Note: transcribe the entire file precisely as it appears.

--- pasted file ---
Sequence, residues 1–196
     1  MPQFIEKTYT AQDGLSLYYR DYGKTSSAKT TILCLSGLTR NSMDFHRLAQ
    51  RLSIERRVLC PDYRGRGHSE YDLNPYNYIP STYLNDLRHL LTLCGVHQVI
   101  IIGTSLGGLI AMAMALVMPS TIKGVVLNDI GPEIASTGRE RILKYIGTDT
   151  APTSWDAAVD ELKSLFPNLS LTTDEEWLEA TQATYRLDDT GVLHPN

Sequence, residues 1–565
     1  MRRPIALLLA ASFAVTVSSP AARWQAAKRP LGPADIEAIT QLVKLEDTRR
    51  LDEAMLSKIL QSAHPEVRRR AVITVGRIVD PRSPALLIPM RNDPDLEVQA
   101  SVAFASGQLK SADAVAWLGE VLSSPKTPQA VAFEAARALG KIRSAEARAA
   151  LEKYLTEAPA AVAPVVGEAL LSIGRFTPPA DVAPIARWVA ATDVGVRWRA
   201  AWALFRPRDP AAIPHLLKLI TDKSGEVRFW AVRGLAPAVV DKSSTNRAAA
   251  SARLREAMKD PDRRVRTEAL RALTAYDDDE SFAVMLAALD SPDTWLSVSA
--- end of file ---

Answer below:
Sequence, residues 1–196
     1  MPQFIEKTYT AQDGLSLYYR DYGKTSSAKT TILCLSGLTR NSMDFHRLAQ
    51  RLSIERRVLC PDYRGRGHSE YDLNPYNYIP STYLNDLRHL LTLCGVHQVI
   101  IIGTSLGGLI AMAMALVMPS TIKGVVLNDI GPEIASTGRE RILKYIGTDT
   151  APTSWDAAVD ELKSLFPNLS LTTDEEWLEA TQATYRLDDT GVLHPN

Sequence, residues 1–565
     1  MRRPIALLLA ASFAVTVSSP AARWQAAKRP LGPADIEAIT QLVKLEDTRR
    51  LDEAMLSKIL QSAHPEVRRR AVITVGRIVD PRSPALLIPM RNDPDLEVQA
   101  SVAFASGQLK SADAVAWLGE VLSSPKTPQA VAFEAARALG KIRSAEARAA
   151  LEKYLTEAPA AVAPVVGEAL LSIGRFTPPA DVAPIARWVA ATDVGVRWRA
   201  AWALFRPRDP AAIPHLLKLI TDKSGEVRFW AVRGLAPAVV DKSSTNRAAA
   251  SARLREAMKD PDRRVRTEAL RALTAYDDDE SFAVMLAALD SPDTWLSVSA